Chelsea Girl (album)

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Chelsea Girl
Studio album by
ReleasedOctober 1967
RecordedApril - May 1967
StudioMayfair Recording Studios,
ProducerTom Wilson
Nico chronology
The Velvet Underground & Nico
Chelsea Girl
The Marble Index

Chelsea Girl is the debut solo album and second studio album by Nico. It was released in October 1967 by Verve Records, also home to the Velvet Underground. The name of the album is a reference to Andy Warhol's 1966 film Chelsea Girls, in which Nico starred. The sixth track of the album (or first on Side B on vinyl) is titled "Chelsea Girls".

Many of the songs on the album have instrumental work from The Velvet Underground, whom Nico had previously collaborated with the year before on The Velvet Underground & Nico, as well as song-writing credits from members of the band. The song "I'll Keep It with Mine", which is included on the album, was written by Bob Dylan; the album contains three songs by Jackson Browne, who contributes guitar to the album.


After collaborating as a singer with the Velvet Underground on their debut The Velvet Underground & Nico (recorded during 1966, released in March 1967), Warhol superstar Nico toured with the band in Andy Warhol's Exploding Plastic Inevitable (EPI) multimedia roadshow. Before the EPI came to an end in 1967, Nico took up residence in a New York City coffeehouse as a solo folk chanteuse; accompanied in turn by guitarists, such as Tim Hardin, Jackson Browne, and also her Velvet Underground bandmates Lou Reed, Sterling Morrison and John Cale.


Some of her accompanists wrote songs for her to sing, and these form the backbone of Chelsea Girl. Browne and Hardin contributed some songs, "Wrap Your Troubles in Dreams" by Lou Reed was part of the earliest Velvet Underground repertoire (which did not surface as a Velvet Underground recording until it was included in the 1995 box set Peel Slowly and See), and Reed, Cale and Morrison in various combinations contributed four more songs. Additionally, Bob Dylan gave her one of his songs to record: "I'll Keep It with Mine".


Musically, Chelsea Girl can be described as a cross between chamber folk and 1960s pop. The musical backing is relatively simple, consisting of one or two guitars or, alternatively, a keyboard instrument, played by either Browne or (a combination of) her Velvet Underground colleagues, but there are no drums or bass instruments, hence the absence of Velvets drummer Maureen Tucker, and adding to the chamber folk feel of the music are the string and flute overdubs added to the initial recordings by producer Tom Wilson and arranger Larry Fallon without involving or consulting Nico.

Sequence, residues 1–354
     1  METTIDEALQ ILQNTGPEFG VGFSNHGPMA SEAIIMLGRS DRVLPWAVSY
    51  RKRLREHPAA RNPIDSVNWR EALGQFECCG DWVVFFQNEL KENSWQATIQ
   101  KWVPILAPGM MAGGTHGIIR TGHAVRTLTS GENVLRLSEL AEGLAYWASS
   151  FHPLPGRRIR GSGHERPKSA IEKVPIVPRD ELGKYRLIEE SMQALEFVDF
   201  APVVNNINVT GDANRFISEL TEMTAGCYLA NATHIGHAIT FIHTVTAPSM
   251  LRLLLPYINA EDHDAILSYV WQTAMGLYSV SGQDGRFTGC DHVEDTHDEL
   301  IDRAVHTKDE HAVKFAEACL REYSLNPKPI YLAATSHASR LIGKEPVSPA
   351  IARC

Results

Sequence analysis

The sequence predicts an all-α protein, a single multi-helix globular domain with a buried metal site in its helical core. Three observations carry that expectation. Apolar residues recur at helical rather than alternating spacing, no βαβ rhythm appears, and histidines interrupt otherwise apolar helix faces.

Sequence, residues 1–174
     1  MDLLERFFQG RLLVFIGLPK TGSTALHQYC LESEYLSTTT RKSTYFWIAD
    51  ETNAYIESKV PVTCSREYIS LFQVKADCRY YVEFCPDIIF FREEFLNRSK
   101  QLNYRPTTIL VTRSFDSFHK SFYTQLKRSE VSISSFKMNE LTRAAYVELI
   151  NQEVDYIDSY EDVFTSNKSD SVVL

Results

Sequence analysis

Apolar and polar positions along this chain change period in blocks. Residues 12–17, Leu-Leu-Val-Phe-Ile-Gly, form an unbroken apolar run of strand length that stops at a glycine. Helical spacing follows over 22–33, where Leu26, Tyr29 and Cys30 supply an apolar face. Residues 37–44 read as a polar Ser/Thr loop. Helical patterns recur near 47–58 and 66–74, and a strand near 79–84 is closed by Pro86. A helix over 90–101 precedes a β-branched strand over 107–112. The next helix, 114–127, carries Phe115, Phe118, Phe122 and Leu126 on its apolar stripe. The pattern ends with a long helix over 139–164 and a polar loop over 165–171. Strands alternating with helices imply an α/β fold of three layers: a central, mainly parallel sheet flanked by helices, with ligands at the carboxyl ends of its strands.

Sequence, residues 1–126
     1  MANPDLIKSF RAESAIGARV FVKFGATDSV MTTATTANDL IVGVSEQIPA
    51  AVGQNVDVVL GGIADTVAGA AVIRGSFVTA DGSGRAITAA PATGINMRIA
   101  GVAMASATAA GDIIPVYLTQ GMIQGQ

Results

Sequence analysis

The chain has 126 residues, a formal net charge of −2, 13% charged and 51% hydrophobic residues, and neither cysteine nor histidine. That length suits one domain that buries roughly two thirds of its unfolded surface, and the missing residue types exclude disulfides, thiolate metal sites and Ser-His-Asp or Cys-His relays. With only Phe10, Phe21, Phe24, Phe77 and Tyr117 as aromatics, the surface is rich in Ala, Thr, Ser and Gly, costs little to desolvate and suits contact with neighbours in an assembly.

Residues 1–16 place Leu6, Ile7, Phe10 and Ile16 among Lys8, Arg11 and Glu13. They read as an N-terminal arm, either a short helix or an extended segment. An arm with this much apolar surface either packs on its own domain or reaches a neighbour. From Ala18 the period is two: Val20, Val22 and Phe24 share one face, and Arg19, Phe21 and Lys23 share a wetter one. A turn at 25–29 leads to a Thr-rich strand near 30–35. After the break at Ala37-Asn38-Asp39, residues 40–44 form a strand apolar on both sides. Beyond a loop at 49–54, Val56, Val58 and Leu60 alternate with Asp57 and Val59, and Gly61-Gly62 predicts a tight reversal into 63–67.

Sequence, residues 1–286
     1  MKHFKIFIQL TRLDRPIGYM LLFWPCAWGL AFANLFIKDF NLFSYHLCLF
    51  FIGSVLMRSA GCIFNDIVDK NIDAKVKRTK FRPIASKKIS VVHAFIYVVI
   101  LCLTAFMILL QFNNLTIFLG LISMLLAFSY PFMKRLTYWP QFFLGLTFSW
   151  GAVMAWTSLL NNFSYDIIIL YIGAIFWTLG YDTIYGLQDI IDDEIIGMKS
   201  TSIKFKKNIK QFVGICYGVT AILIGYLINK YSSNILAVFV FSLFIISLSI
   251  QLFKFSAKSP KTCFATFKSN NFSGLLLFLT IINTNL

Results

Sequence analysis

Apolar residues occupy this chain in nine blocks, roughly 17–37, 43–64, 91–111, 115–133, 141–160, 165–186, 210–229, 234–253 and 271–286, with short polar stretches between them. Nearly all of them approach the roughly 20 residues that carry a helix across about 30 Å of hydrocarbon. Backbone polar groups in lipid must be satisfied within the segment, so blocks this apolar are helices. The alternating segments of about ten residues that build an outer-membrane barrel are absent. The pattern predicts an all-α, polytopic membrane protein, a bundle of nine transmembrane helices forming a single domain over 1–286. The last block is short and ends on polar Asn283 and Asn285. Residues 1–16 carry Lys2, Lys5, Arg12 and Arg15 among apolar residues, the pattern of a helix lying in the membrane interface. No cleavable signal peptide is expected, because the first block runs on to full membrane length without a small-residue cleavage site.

Professional ratings
Review scores
AllMusic4.5/5 stars[1]
Rolling Stone4/5 stars[3]
Trouser Pressunfavorable[4]

In retrospective 21st-century reviews AllMusic feel the album is "an unqualified masterpiece",[1] while Trouser Press feel that the album "is sabotaged by tepid arrangements and weak production" and is "of interest mainly for its links to the band Nico had just left."[4]

Nico was dissatisfied with the finished product. Looking back in 1981, she stated:


Two tracks from the album – "The Fairest of the Seasons" and "These Days" – were used in Wes Anderson's 2001 film, The Royal Tenenbaums. "The Fairest of the Seasons" was also used in Gus Van Sant's 2011 film Restless. "Wrap Your Troubles in Dreams" is used in Andrew Dominik's 2012 film Killing Them Softly.

Track listing[edit]

Side A[edit]

  1. "The Fairest of the Seasons" (Jackson Browne, Gregory Copeland[6]) – 4:06
  2. "These Days" (Jackson Browne) – 3:30
  3. "Little Sister" (John Cale, Lou Reed) – 4:22
  4. "Winter Song" (John Cale) – 3:17
  5. "It Was a Pleasure Then" (Lou Reed, John Cale, Christa Päffgen) – 8:02

Side B[edit]

  1. "Chelsea Girls" (Lou Reed, Sterling Morrison) – 7:22
  2. "I'll Keep It with Mine" (Bob Dylan) – 3:17 Note: this song was recorded by Dylan in 1965 but remained unreleased on any of his own albums until the 1985 Biograph set.
  3. "Somewhere There's a Feather" (Jackson Browne) – 2:16
  4. "Wrap Your Troubles in Dreams" (Lou Reed) – 5:07
  5. "Eulogy to Lenny Bruce" (Tim Hardin) – 3:45




  1. ^ a b Chelsea Girl at AllMusic
  2. ^ Moreland, Quinn (12 November 2017). "Nico: Chelsea Girl". Pitchfork. Retrieved 12 November 2017.
  3. ^ Rolling Stone review
  4. ^ a b Isler, Scott; Robbins, Ira. " :: Nico". Retrieved July 5, 2016.
  5. ^ Nico quoted in Dave Thompson's liner notes for the 2002 Deluxe re-issue of The Velvet Underground & Nico, which includes all five Velvet collaborations for Chelsea Girl.
  6. ^ FaceBook - Greg Copeland

External links[edit]